Take Advantage of Low Rates

Paul_Neiffer

PAUL NEIFFER

By Paul Neiffer

The IRS just released their applicable federal rates for December 2014. For loans less than 3 years, the rate is .34%; 3 to 9 years, it is 1.70%; and for over 9 years, it is 2.70%.

These very low rates provide a very good opportunity to transfer additional wealth to your children or grandchildren without incurring any gift tax liability or eating into your lifetime exemption ($5.43 million for 2015). Let's look at an example:

Suppose you have an opportunity to invest in a new business venture or perhaps purchasing new farm ground. The cost of the investment is $1 million. You have two options, either buy it for cash outright, or have your children do the investment with you loaning them the funds. The investment should be able to pay you back in less than 9 years, so we structure it as a 9 year note with an interest rate of 1.70% (this can be interest only or fully amortized). The investment generates a 10% rate of return over the next 9 years. This results in $900,000 of income being generated. The amount of interest paid to you is $170,000 resulting in $730,000 of pre-tax wealth being generated by your children that will not need to be reflected on your estate tax return when you pass away. At today's 40% estate tax rate, that saves the family about $300,000 of estate taxes.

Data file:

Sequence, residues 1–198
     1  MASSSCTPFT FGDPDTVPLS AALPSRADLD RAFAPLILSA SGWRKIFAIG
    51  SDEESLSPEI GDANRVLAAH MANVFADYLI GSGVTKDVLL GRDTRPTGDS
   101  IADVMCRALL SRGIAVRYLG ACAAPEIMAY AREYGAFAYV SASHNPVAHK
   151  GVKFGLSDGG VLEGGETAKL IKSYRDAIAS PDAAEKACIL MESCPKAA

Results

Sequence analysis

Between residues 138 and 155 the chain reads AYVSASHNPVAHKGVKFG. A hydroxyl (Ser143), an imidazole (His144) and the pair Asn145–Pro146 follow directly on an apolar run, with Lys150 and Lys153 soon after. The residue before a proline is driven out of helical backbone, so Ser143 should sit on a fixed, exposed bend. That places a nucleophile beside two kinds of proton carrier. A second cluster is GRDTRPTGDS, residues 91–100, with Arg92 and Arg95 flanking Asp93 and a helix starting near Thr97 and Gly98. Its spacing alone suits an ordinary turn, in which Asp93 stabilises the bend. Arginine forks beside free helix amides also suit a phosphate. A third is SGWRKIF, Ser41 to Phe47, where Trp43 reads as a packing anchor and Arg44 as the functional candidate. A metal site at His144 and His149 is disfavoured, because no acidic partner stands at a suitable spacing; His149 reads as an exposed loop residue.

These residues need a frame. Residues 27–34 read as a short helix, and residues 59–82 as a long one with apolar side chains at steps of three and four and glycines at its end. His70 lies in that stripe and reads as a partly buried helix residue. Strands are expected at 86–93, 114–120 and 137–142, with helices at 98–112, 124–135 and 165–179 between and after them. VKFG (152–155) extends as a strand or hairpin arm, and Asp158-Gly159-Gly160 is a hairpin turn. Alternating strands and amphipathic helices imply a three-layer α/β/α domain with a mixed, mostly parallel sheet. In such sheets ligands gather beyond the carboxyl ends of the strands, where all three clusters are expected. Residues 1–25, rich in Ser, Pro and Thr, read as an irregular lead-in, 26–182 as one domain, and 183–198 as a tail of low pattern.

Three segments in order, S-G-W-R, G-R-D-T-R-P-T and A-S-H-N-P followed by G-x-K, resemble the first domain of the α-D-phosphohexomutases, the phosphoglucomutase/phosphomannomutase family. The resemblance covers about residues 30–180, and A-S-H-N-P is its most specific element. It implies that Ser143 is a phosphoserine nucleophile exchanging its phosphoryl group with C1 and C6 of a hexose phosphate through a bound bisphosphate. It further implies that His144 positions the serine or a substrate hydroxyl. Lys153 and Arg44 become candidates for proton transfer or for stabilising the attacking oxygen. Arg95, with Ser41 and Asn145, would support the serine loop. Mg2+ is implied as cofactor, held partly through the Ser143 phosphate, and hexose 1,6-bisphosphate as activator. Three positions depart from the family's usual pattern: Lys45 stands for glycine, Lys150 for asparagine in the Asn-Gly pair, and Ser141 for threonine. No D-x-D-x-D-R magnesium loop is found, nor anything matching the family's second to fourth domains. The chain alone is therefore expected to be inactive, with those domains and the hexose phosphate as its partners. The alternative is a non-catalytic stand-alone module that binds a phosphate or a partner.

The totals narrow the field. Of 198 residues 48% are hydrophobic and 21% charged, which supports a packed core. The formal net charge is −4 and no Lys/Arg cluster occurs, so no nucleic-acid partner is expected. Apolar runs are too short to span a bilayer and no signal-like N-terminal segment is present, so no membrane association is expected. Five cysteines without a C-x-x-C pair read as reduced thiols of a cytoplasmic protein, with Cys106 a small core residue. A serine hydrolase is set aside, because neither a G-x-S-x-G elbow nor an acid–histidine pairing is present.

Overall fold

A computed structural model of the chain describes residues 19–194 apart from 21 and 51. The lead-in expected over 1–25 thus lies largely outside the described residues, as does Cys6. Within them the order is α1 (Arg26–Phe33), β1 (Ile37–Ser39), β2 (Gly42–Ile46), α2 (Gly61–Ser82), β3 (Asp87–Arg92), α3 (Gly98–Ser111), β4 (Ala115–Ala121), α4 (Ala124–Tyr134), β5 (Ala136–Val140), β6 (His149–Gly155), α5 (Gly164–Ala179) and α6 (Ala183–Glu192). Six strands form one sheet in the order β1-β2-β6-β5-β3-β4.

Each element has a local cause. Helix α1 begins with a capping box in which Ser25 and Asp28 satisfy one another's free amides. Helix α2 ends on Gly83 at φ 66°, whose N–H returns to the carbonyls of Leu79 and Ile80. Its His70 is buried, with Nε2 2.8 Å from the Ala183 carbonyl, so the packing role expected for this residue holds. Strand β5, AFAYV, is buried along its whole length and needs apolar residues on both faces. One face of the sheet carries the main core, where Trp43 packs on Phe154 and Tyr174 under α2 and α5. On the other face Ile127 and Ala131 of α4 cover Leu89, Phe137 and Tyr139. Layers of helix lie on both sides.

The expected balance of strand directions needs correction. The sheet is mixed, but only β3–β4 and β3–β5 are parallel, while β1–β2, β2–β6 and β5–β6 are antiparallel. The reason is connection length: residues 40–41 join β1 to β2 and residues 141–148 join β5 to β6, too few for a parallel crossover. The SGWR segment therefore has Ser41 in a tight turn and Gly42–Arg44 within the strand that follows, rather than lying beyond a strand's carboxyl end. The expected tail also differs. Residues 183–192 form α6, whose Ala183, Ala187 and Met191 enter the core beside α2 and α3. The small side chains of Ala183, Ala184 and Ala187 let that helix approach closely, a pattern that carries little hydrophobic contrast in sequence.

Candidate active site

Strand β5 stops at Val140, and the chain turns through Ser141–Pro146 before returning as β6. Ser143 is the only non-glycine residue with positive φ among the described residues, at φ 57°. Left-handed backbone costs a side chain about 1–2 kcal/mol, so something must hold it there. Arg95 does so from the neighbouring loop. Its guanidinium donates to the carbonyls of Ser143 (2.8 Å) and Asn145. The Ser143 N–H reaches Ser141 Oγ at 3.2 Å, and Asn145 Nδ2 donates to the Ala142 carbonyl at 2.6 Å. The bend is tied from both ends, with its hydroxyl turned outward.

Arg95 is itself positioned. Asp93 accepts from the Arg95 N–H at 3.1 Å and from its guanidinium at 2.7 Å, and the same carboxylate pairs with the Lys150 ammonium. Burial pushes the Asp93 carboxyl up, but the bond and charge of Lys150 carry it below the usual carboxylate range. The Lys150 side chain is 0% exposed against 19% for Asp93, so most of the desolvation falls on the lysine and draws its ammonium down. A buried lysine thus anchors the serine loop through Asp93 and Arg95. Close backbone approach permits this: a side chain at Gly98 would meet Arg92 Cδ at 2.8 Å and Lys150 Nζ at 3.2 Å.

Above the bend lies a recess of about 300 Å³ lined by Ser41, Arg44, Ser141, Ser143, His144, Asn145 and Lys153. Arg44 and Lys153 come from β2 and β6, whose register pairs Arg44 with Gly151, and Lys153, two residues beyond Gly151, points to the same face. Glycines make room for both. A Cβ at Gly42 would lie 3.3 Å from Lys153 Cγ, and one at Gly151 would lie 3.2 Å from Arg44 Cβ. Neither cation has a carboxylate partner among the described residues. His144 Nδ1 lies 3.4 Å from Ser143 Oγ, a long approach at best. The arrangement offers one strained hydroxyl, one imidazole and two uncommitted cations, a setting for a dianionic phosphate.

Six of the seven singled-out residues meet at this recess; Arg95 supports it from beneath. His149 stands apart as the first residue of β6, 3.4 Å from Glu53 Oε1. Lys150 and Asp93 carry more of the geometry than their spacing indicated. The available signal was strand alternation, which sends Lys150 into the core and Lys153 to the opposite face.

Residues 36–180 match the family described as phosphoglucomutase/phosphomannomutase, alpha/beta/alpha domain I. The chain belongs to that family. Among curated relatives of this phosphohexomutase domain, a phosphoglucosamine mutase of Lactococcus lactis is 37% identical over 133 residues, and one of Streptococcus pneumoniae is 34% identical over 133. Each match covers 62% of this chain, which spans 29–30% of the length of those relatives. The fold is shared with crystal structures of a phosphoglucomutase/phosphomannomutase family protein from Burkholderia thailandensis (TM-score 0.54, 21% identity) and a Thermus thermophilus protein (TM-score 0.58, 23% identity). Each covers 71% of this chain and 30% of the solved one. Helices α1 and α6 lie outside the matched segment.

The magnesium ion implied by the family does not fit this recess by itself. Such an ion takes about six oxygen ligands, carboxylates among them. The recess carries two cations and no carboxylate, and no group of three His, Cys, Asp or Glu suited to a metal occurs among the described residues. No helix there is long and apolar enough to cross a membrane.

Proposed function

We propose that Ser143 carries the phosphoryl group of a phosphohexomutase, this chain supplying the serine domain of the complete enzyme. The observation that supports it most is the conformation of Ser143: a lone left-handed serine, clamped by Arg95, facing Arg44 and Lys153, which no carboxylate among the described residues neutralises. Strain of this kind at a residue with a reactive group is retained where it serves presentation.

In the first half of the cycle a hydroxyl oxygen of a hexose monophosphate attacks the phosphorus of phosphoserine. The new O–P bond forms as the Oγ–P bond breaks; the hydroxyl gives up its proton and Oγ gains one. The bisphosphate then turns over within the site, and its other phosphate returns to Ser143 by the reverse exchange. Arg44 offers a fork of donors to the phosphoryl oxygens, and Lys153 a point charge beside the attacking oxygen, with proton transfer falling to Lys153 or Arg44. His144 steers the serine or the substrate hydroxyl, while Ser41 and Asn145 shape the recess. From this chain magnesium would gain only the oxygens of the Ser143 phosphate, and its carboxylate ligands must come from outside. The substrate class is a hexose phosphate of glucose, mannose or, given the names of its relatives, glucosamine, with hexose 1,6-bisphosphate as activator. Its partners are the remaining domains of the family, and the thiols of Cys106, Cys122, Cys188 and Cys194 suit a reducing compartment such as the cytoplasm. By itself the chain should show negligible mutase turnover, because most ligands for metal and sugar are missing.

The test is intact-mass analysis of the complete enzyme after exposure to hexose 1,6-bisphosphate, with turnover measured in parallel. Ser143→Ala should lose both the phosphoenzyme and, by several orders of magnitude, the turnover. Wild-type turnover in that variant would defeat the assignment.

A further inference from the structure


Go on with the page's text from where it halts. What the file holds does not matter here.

If you are concerned about your children's ability to manage the investment, you can always set up a LLE to hold the investment. You would own the voting units (1%) and your children would own the remaining non-voting units (99%).

Remember that an estate plan is not just one strategy. It involves several and in many cases, making certain changes during life (such as loaning funds to your children) during life will save a lot of estate taxes.

 

As an agribusiness CPA and business adviser for CliftonLarsonAllen, Paul specializes in income taxation and accounting for the farm community. Email him at paul.neiffer@claconnect.com

For more tax information and advice, read Neiffer's blog: The Farm CPA

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